But that’s all contingent on the spread of new coronavirus variants, which have doubled in the past week, and B.C.’s provincial health officer made no promises.
British Columbians could expand their social bubble to their ‘safe six’ by the end of February, said Provincial Health Officer Dr. Bonnie Henry Friday, but easing restrictions will all depend on the trajectory of COVID-19 transmissions.
And with new variants doubling in the last week, Henry said any explosion in cases would sink such hopes.
“I’m not putting an end to the orders we have now,” she said at a Feb. 5 press conference. “I don’t want people to start thinking about, ‘Yeah, we’re out of this, we’re back to normal.’”
To date, 28 cases across the province have been identified as ‘variants of concern.’ That includes 14 cases of the U.K. variant linked to people with a history of travel to the U.K, Ireland and Dubai, among other countries. Another five have been associated to close contacts with a history of travel.
The U.K. variant, or B.1.1.7, is a highly contagious form of the coronavirus that can spread at least 50% faster than the current predominant strain in B.C.
But when it comes to the South African variant, or B.1.351, data coming out in the last week suggests it causes more severe illness, something Henry said “is worrisome.”
“If we start to see one of these variants take off, all bets are off,” she said.
Across B.C., public health is working to ramp up its surveillance of the new variants, a plan which looks to establish a system of markers that would flag positive COVID-19 tests and target samples for full genome sequencing.
Henry said laboratories are looking to screen thousands of samples per week, up from roughly 750 conducted now and eventually covering every molecular test in the province.
At the same time, Henry said B.C.’s capacity for full genome sequencing will also be increased, and public health workers will be moving to target suspect outbreaks, whether in schools or surrounding recent travel.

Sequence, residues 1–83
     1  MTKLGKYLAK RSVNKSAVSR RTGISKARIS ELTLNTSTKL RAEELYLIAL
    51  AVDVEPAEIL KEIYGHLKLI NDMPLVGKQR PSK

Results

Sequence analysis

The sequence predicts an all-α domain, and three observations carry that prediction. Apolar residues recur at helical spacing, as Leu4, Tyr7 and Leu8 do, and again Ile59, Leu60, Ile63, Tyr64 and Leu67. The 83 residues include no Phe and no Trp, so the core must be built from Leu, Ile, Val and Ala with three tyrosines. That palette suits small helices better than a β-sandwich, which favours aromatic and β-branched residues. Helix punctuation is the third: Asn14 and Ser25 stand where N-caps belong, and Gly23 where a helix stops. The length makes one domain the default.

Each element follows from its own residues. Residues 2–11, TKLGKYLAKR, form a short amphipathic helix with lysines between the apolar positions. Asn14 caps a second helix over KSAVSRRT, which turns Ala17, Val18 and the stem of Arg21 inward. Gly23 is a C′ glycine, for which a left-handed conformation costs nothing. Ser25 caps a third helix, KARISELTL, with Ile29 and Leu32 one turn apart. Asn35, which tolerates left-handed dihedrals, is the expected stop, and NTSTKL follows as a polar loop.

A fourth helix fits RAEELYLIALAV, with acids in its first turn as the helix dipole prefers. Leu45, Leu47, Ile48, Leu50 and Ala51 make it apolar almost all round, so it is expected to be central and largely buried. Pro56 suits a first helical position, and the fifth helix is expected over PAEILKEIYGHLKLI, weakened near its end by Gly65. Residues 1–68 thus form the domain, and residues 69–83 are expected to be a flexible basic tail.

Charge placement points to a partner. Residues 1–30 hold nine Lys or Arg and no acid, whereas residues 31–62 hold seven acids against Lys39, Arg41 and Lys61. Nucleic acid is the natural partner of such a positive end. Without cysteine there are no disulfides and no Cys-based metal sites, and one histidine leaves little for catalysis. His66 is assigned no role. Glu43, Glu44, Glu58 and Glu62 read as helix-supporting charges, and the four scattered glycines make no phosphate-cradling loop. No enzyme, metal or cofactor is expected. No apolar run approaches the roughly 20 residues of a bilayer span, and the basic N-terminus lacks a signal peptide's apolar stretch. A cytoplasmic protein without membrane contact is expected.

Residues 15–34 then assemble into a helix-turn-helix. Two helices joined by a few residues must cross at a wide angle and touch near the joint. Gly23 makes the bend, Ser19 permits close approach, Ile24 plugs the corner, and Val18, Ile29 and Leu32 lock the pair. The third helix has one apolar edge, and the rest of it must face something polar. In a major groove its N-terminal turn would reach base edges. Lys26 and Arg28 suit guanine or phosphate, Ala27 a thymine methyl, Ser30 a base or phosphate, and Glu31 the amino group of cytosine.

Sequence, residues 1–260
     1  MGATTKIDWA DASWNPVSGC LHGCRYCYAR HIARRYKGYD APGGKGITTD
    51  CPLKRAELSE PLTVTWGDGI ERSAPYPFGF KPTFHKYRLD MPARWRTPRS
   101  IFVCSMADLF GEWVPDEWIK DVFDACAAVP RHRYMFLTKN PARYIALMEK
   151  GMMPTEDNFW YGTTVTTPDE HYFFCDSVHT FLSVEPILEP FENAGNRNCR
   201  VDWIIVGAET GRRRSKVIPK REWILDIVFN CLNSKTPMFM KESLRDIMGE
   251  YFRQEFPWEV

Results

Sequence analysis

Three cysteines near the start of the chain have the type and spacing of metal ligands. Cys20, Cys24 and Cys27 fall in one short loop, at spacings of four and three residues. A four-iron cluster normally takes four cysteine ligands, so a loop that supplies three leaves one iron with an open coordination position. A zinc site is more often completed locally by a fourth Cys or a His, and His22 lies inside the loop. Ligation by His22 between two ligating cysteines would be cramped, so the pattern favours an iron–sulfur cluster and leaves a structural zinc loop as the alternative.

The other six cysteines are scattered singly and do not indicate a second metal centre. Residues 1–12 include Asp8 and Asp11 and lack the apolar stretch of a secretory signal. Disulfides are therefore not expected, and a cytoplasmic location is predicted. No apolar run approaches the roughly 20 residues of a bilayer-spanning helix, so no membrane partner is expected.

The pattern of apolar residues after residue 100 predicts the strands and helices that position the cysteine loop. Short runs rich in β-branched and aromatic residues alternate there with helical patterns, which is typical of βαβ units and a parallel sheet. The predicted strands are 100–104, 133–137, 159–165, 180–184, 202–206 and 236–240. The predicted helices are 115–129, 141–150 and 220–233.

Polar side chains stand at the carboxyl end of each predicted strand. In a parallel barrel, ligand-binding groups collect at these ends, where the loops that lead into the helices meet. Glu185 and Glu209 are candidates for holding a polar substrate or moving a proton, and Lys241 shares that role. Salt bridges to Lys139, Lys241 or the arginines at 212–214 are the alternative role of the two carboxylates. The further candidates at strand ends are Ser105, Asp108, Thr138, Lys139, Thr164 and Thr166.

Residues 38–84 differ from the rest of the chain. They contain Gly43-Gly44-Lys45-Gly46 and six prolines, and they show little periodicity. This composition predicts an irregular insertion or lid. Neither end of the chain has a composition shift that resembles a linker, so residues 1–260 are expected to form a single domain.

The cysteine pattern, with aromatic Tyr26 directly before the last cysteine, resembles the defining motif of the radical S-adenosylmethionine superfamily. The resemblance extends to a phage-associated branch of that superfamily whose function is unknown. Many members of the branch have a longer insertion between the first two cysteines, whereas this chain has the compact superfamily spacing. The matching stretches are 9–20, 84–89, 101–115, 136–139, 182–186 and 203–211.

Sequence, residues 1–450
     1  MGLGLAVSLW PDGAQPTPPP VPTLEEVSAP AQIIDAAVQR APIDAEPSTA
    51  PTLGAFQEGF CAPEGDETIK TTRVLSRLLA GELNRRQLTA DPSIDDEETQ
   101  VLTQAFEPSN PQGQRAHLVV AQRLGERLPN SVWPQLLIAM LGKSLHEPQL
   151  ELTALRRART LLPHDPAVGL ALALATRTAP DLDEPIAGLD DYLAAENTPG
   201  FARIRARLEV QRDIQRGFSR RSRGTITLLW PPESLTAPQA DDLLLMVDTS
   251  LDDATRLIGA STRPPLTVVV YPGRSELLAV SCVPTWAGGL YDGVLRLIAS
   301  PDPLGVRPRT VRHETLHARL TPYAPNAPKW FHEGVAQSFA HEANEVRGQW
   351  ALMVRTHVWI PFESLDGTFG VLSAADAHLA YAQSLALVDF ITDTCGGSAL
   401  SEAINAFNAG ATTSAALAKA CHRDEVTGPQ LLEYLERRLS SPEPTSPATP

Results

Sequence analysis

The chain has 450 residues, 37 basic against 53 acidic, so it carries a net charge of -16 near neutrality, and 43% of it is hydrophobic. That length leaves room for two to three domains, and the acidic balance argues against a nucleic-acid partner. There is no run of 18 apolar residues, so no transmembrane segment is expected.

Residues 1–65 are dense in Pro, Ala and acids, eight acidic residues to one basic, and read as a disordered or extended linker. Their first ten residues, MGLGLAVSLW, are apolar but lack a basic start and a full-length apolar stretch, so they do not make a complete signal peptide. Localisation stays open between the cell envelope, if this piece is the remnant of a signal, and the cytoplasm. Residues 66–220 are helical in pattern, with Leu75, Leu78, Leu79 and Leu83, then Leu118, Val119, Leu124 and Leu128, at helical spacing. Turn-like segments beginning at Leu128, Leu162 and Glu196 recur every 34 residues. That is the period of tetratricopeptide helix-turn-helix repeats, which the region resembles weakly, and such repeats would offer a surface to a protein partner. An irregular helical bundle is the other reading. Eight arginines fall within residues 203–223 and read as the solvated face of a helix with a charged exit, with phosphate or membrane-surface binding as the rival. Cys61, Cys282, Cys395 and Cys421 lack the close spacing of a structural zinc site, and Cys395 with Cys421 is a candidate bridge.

For example, while close contacts aren’t usually tested until symptoms develop, that will change with the targeted testing of certain outbreaks involving a highly contagious variant.
CASES PLATEAUING AMID VACCINE SHORTFALLS
The good news: long-term case data from the BC Centre for Disease Control indicates the virus is plateauing in many of the province’s hardest-hit regions, like Fraser Health, from a peak in November.
Whereas contact tracers were heavily strained to keep up with peak November caseloads, that pressure has been eased across the Fraser Valley and Lower Mainland, while caseloads in the north, Interior and Sea-to-Sky regions of the province are still putting a heavy burden on smaller public health teams. In Whistler, for example, 547 cases have been identified between Jan. 1 and Feb. 2.
Henry said public health workers have been unable to trace the source in 20% of cases across B.C.
Transmissions across the province are now being driven by people between the age of 20 and 49, with younger groups passing on the virus in social settings and older generations primarily spreading COVID-19 in workplaces.
Scientists and health officials have repeatedly painted the current status of the pandemic as a race between the emergence of new highly contagious variants and the roll-out of vaccines.
But on Friday, Henry said cases of COVID-19 among British Columbians over age 80 have come down significantly due to vaccinations across the province’s long-term care homes.
“We’re now seeing that it’s helping us to stop those outbreaks rapidly,” said Henry, adding 55 people have had a severe negative reaction to a vaccine, mostly due to an allergy.
The long-term trajectory of vaccine rollouts is less certain.
In B.C., across Canada and in many other countries, delivery of currently approved vaccines have faced significant delays as manufacturers work to ramp up their manufacturing capacity and meet contracts with dozens of countries.
WHAT WOULD AN EASING OF RESTRICTIONS LOOK LIKE?
In floating the possibility of easing current public health restrictions by the end of February, Henry pointed to a slow and limited increase in social interactions.
That could mean limited faith services and the resumption of group activities, though Henry did not go into detail.
Currently, British Columbians are reducing social contacts by 40% to 50% compared to pre-pandemic levels, she said.
“We are in a place of a little bit more uncertainty. We need to buy some time to understand if these positive things that we’re seeing are going to allow us to take away some of the restrictions we have in place now, and be able to do that safely,” Henry said.
“That’s why I’m leaving it open-ended.”